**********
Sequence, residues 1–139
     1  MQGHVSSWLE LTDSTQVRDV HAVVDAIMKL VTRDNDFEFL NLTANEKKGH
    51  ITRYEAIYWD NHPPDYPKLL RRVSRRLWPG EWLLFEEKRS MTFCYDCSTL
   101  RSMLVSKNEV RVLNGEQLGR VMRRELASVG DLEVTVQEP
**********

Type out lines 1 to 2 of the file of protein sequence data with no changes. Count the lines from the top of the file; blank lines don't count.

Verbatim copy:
Sequence, residues 1–139
     1  MQGHVSSWLE LTDSTQVRDV HAVVDAIMKL VTRDNDFEFL NLTANEKKGH